Please enjoy,

I’ve always been an avid doodler. For me, it isn’t an issue of idleness. It is more of a fascination of the complexities and combinations of shapes and textures and how they play off one another. I have a lot of artists in my family and I view this ability as my art form. 
I always bring this fascination to all of my design projects. It’s important to bring something unexpected to the space. Mixing patterns, textures and color, which, on their own, may seem a bit off. But once everything is pulled together, it makes brilliant sense. I like to call it sophisticated whimsy. It takes the serious edge off, but is comfortable and elegant in a non-traditional way. 

David Hicks has been a great influence in my design aesthetic. I remember the first time I saw an ad he appeared in for JP Stevens sheets (they weren’t called “linens” in the 70’s). I was immediately drawn to his skillful mix of patterns and color in one room. His rooms were never boring and are timeless. The key is always to make the design look effortless with no contrivances.  Contrivance is one of my pet peeves. It comes from over thinking a design or creating spaces that aren’t really “real”. When clients say their inspiration for a space is a hotel room or a spa, I cringe. I can’t think of anything more depressing than living in a hotel room for the next ten years! Also, how impersonal are those types of spaces. I know what my clients really want is a grown up space that doesn’t look like their parent’s homes. They are also looking for an escape from the chaos of their lives. I achieve this by embracing their lives and creating rooms they really use and are approachable. Rooms that are beautiful and soothing, but have an ease that you can put your feet on an ottoman, or bring a soda into the room appeal to my design sensibilities.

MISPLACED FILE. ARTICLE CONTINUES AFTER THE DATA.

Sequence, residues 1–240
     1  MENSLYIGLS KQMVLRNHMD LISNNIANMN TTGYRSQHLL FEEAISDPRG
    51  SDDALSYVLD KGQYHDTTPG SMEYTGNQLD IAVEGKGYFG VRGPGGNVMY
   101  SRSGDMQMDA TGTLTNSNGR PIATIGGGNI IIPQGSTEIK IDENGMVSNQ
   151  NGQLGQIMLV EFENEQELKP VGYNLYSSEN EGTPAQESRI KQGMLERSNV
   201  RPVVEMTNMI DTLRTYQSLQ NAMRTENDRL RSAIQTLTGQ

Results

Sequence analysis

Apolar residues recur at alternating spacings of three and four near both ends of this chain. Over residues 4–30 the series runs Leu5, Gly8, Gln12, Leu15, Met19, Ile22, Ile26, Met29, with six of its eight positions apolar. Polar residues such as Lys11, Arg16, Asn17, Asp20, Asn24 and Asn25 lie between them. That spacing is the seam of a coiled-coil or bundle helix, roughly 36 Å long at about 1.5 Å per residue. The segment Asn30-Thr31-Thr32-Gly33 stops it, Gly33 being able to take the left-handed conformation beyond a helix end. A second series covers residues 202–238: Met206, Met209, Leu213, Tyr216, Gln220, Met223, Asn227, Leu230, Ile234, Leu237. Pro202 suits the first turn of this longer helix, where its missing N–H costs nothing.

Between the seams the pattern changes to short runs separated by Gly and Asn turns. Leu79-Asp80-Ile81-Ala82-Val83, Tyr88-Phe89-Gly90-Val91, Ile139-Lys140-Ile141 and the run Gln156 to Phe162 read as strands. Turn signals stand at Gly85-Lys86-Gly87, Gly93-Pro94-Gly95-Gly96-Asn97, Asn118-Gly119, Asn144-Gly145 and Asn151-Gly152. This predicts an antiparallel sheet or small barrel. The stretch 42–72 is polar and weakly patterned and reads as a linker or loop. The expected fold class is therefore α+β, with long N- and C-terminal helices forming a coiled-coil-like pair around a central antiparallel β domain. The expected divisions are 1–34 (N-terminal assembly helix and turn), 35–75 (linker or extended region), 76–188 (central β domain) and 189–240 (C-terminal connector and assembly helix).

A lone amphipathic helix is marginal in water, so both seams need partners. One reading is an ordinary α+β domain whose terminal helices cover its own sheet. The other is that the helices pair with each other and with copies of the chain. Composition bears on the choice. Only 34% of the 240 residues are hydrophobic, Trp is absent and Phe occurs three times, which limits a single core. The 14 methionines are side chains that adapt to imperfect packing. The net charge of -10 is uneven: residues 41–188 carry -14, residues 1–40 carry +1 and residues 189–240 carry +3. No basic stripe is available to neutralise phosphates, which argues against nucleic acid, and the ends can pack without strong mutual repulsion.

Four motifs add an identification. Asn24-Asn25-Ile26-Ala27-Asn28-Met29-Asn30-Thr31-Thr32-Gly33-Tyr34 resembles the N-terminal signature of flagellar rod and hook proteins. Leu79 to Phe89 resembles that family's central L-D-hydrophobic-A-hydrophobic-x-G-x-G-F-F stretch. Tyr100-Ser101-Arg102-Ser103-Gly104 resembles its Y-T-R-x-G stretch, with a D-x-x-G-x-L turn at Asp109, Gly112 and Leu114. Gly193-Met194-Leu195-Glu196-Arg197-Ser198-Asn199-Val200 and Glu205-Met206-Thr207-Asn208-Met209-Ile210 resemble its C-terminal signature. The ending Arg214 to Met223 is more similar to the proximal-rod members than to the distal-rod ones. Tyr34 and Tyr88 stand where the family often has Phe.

The easiest thing in design is to prepare a floor plan and back up a truckload of furniture to a house. The hard part is creating the sense of home. This past Thanksgiving, one of my clients called me to say they had had family over and I got a huge compliment. It was from their 18 year-old nephew, who was amazed at the transformation of their home. If an 18-year old “Lax Bro” tells you your house really looks nice, I know I’ve done my clients well. That’s a story that makes me smile.

Iantha Carley
Principal, Iantha Carley Interiors